Solving the Blue Jays' black hole at second base

Tom Szczerbowski

With Alex Anthopolous as GM, the Toronto Blue Jays have always had little production at second base. Given the team's position on the cusp of playoff contention, upgrading the team's options at second base should be one of Anthopolous' top priorities.

This offseason has been considerably quieter for the Toronto Blue Jays than last year. Around this time last January the Jays had already been heralded as the winners of the offseason. The additions of R.A. Dickey, Josh Johnson, Mark Buehrle, Jose Reyes, Melky Cabrera and Emilio Bonifacio seemed to have the team poised for their first playoff birth in 20 years.

Unfortunately the hype did not translate into wins, and the Jays finished last in the AL East with a record of 74-88. While 2013 was certainly a disappointment, the Jays have committed all their resources to winning now. The majority of last season's roster remains under contract. This team should still be considered a contender for the coming season.

For that reason, GM Alex Anthopolous and the Jays' front office should be concentrating their efforts around improving the club in a few critical areas: catcher, starting pitching, and second base. The catching situation has been addressed. The release of the on-base-allergic J.P. Arencibia, and the addition of Dioner Navarro should provide an upgrade.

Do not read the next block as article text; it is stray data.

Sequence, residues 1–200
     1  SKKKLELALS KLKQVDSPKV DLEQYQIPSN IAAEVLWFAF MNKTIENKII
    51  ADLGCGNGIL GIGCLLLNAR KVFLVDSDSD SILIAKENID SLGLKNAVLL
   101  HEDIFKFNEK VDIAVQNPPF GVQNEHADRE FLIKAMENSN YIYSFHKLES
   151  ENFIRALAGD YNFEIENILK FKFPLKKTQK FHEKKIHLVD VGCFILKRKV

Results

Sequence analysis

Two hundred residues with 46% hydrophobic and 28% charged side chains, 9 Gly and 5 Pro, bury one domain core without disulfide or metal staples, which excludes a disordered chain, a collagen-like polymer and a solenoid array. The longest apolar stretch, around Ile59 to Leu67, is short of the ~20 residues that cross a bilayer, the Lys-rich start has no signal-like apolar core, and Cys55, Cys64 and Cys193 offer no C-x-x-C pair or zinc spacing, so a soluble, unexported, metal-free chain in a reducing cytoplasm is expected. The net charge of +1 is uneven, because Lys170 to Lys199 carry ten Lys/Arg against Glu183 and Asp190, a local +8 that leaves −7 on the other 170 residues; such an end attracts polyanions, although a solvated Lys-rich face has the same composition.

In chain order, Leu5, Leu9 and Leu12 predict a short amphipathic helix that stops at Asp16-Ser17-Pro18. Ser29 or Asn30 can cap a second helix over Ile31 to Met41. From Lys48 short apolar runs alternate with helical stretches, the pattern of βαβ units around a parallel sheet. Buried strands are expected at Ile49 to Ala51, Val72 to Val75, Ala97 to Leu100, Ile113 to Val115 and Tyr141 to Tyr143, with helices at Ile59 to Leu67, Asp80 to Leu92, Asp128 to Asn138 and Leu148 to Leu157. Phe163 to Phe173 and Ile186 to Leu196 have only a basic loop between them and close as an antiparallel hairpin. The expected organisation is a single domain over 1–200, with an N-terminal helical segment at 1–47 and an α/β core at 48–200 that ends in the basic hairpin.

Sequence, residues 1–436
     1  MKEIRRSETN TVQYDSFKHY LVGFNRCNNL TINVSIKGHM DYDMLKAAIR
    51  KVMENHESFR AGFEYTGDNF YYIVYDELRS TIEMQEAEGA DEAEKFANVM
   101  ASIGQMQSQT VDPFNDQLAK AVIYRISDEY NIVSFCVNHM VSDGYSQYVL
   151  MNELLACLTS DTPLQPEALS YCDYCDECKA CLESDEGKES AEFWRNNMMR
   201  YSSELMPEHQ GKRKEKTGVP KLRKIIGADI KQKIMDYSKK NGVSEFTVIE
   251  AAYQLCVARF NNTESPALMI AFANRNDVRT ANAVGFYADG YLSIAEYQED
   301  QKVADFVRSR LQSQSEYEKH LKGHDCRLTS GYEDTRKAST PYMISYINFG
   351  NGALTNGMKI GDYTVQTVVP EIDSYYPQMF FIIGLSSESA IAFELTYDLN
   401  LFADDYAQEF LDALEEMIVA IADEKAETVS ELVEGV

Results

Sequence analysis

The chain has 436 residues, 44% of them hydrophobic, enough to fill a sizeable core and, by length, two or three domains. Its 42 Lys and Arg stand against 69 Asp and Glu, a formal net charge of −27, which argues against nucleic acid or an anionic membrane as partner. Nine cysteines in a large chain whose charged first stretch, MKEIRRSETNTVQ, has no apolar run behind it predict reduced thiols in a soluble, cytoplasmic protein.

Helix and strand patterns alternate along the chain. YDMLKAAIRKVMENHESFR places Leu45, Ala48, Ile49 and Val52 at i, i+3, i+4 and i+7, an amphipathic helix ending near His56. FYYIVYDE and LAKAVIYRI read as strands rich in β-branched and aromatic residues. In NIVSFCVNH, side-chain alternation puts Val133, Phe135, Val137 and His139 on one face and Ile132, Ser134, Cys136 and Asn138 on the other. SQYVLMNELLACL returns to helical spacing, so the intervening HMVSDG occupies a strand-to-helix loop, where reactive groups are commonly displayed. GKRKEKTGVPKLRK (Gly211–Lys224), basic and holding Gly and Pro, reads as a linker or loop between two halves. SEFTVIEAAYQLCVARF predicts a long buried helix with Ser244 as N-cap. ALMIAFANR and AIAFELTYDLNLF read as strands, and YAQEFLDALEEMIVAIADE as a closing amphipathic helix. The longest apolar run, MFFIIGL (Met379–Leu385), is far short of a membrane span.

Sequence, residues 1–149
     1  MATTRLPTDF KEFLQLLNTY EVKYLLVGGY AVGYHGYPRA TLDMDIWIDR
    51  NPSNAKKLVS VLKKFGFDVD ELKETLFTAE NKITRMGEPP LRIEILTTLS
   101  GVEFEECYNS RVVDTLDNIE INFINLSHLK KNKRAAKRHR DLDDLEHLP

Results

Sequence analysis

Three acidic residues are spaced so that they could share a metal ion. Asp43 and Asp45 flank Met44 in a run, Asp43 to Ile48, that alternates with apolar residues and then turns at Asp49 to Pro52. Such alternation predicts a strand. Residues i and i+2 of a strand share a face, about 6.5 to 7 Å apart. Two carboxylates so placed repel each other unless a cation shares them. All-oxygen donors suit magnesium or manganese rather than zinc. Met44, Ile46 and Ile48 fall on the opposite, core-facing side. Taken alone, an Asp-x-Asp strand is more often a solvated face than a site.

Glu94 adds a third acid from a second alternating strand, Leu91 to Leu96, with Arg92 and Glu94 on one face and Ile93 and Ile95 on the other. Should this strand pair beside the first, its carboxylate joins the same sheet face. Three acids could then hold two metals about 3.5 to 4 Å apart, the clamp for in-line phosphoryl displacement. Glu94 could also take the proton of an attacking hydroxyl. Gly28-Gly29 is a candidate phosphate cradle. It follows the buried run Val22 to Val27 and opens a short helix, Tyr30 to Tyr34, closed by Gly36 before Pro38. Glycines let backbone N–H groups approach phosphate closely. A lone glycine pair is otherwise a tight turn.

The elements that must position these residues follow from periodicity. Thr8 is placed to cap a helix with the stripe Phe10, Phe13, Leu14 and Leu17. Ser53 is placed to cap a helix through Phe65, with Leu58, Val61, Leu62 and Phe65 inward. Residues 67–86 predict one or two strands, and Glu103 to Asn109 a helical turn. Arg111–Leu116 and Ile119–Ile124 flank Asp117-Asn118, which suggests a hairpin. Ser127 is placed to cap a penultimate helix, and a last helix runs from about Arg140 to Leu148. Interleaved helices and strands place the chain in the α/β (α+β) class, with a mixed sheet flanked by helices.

Conversely, the starting pitching market has yet to entirely unfold. Recently, the Jays have been rumored as the frontrunners to sign Ervin Santana or Ubaldo Jimenez. Adding either should upgrade the team's rotation, although Santana's elevated HR/FB rate in recent seasons could be a concern in the home run-friendly confines of Rogers Centre.

This leaves second base, from which the Jays received a combined .216/.258/.297 line in 2013, a ghastly bit of production by any measure. Unfortunately, this type of fuitility from second base is not really aberrant for the Jays during Anthopolous' tenure. Here are the numbers for Toronto second baseman since Anthopolous took over in 2010:

Year PA AVG OBP SLG OPS OPS+ DRS UZR
2010 674 0.211 0.271 0.383 0.654 81 3 10.8
2011 672 0.235 0.290 0.344 0.634 79 2 -0.8
2012 677 0.225 0.303 0.351 0.653 87 5 -8.6
2013 626 0.216 0.258 0.297 0.556 57 10 -2.9

Note: OPS+ is relative to other second basemen.

Toronto's offensive production at the keystone has been below league average for second baseman each season. One might suggest that this is because the Jays have elected for a defense-first strategy at the position.

Not so.

While there are discrepancies between the DRS and UZR metrics, neither suggests the Jays have been playing a top-level defender at second in recent years. Their DRS values have ranked between 4th and 8th in the American League over these seasons—not bad, but nowhere near enough to make up for the offensive deficiencies of Toronto's second baseman. Taken together the Jays have had replacement-level production from second base over the last four seasons.

Given the Jays' current roster, that trend seems likely to continue. The plan appears to be to use Ryan Goins and Maicer Izturis (and maybe Munenori Kawasaki) in 2014. FanGraphs depth chart projections have Goins getting the majority of the plate appearances (and do not include Kawasaki), with production not expected to be much above replacement level.

The table for Blue Jays' second basemen is partially re-produced below:

Player PA AVG OBP SLG wOBA WAR
Ryan Goins 420 0.241 0.284 0.335 0.274 0.1
Maicer Izturis 280 0.257 0.316 0.356 0.299 0.2
Total 700 0.247 0.297 0.343 0.284 0.3